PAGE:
Aircraft Owners and Pilots Association (AOPA) President and CEO Mark Baker concurred with Pelton about the complexity of the issue, saying, “We don’t want to be the last [industry], general aviation, putting lead in the air, but we are. We would have liked to have [had] solutions 20 years ago, but
there’s simply not been a drop-in solution that’s competitively priced and available now. There might be, pretty soon,” he said, “and we’re big advocates for that.” But Baker emphasized, based on industry workgroups, that “no later than 2030…we will no longer be selling or distributing leaded fuel in North America.”
Baker put things in perspective by laying out the small market, relatively, that avgas represents. “We use about 180 million gallons of avgas a year, which is equivalent to three or four hours of car gas [there are 8,760 hours in a calendar year].” It’s a tiny market, and Baker emphasized that the process of moving to an unleaded fuel must be reasonably profitable to the refiners.
Perhaps the most chilling note of the roundtable was Baker’s reminder that there is just one facility in the world, in Liverpool, England, that makes the lead that goes into 100LL, and there is no guarantee that it will continue doing so for any predictable length of time. Baker thought it “very unlikely” that the product would continue to be made over the next five to 10 years and punctuated the subject by saying, “We have a lot of things stacked against us, and the thing that I am most concerned about today is keeping low lead available until we find a solution.”
And he underscored the criticality of the issue, pointing to airport authorities in California who have banned the sale and distribution of 100LL at their airports, expressing concern for the safety ramifications were pilots to be tempted to use unleaded fuel in higher-horsepower engines. “Thirty percent of our airplanes,” he said, “burn about 60% of our gas,” making clear that the need for a viable 100LL replacement is not a niche problem but one central to the vitality of general aviation.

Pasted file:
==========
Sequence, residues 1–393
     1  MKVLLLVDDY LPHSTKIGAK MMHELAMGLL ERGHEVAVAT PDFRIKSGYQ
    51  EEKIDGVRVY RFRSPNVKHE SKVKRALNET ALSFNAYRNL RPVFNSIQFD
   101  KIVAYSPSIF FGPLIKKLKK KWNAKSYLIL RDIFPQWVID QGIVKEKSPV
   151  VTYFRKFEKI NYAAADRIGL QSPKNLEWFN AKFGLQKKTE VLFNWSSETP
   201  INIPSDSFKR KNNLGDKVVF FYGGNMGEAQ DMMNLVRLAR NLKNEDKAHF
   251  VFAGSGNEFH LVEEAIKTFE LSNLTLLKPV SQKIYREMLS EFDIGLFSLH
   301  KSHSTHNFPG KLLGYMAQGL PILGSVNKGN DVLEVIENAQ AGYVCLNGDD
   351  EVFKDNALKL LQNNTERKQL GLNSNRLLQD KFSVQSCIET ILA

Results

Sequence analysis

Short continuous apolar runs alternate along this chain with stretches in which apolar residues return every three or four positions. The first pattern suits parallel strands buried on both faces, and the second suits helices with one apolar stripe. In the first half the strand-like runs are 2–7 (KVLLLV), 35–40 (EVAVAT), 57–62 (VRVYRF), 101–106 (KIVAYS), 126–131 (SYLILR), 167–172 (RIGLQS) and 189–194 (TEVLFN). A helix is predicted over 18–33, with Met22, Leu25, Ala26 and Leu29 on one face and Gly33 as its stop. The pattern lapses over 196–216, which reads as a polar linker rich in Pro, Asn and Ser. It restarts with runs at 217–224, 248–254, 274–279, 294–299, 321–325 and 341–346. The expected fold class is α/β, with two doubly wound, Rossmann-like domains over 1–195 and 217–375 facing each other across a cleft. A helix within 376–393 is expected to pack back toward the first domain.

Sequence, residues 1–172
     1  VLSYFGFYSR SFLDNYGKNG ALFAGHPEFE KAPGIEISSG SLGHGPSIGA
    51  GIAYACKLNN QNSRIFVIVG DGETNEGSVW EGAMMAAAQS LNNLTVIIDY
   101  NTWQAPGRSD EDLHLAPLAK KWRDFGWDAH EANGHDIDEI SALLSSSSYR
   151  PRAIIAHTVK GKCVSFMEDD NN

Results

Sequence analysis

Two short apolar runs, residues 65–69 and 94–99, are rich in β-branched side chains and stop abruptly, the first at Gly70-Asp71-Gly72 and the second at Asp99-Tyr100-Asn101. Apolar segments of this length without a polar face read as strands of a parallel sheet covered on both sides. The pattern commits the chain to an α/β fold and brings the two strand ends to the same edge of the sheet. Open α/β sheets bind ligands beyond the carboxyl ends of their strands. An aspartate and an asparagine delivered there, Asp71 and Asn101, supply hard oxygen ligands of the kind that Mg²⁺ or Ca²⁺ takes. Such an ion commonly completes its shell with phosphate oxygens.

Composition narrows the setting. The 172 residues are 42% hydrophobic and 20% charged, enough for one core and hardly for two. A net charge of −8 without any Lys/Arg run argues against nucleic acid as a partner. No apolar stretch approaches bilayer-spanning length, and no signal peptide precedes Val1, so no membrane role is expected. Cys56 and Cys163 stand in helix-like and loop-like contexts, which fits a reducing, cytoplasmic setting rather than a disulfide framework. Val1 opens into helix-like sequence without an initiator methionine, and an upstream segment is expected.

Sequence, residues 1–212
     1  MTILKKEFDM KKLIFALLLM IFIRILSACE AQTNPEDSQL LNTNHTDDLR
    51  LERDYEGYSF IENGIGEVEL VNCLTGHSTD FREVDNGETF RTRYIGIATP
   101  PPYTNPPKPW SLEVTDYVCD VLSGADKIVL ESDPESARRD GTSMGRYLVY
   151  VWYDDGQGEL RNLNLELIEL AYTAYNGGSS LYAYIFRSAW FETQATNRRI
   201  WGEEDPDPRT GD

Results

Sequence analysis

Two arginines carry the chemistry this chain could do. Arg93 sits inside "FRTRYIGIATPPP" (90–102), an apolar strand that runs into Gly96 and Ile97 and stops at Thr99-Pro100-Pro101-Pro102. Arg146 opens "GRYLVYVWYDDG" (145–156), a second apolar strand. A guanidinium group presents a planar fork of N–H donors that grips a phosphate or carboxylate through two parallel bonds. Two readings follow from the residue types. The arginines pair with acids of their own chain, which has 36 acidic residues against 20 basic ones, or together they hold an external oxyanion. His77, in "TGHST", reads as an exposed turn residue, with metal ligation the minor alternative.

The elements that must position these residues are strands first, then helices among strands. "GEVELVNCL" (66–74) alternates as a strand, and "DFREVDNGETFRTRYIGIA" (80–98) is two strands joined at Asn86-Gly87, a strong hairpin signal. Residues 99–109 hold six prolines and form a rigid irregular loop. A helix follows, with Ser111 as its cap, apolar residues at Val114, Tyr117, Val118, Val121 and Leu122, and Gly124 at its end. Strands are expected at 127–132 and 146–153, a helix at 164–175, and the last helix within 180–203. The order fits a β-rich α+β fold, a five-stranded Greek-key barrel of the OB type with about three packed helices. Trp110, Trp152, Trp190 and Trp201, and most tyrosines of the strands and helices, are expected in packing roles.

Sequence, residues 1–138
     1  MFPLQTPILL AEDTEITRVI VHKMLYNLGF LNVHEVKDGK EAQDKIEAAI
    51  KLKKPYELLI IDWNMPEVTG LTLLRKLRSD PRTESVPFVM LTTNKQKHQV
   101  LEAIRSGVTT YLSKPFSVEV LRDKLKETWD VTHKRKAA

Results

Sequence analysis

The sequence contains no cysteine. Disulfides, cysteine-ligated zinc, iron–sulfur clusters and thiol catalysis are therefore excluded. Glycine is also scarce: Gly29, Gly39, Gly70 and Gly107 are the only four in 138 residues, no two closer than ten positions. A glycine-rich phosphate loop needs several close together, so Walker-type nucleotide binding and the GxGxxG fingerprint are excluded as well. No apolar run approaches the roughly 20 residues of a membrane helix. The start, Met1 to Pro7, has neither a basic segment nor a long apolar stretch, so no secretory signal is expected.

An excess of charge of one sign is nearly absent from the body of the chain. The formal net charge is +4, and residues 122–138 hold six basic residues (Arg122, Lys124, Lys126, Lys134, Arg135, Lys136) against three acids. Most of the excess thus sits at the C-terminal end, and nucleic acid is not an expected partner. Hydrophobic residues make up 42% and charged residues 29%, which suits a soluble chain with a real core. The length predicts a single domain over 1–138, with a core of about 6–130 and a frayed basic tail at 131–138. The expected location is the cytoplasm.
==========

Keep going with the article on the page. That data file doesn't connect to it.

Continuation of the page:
GAMA President and CEO Pete Bunce said that refining higher-octane unleaded fuel is possible but expensive, and he repeated his concern that a replacement fuel (or fuels) be a drop-in replacement for 100LL, suggesting that it is something aviation needs to do before 100LL goes away.
When asked about the process for approving new fuels, Bunce said the approval process would be no different from how fuels are now approved, which is through the process of industry consensus standards, such as ASTM or SAE. He seemed to be confident that once a suitable fuel is developed, its adoption would not be as big a hurdle as the actual development of that fuel.
Bunce repeated that, ideally, the solution might be the development of multiple fuels, as competition tends to help drive prices down, but clarified that the fuels would have to be universally compatible with each other, as pilots fly across multiple parts of the continent and are certain to use multiple fuels along the way if those fuel types are regionally distributed.
In response to a question from Plane & Pilot about the potential cost differential between 100LL fuel and a 100LL replacement, AOPA’s Baker said, “We don’t have total visibility into that,” but added that, “if we do have a fuel that is fungible, that is, can be dropped in any tank, can be hauled by any truck, can be delivered across the country, perhaps in pipelines…there’s a potential long term for it to be a lower cost.”
But whether such a future will arrive or not remains to be seen. As Bunce pointed out, the process of this changeover to unleaded fuel is a complex
one, with the steps including (but not limited to) the development of the fuel, its approval, refiners gearing up to produce it, and getting the distribution network up to speed on it. It’s a complex process with risk at every step along the way.
And, the three leaders agreed, we don’t have much time to get there.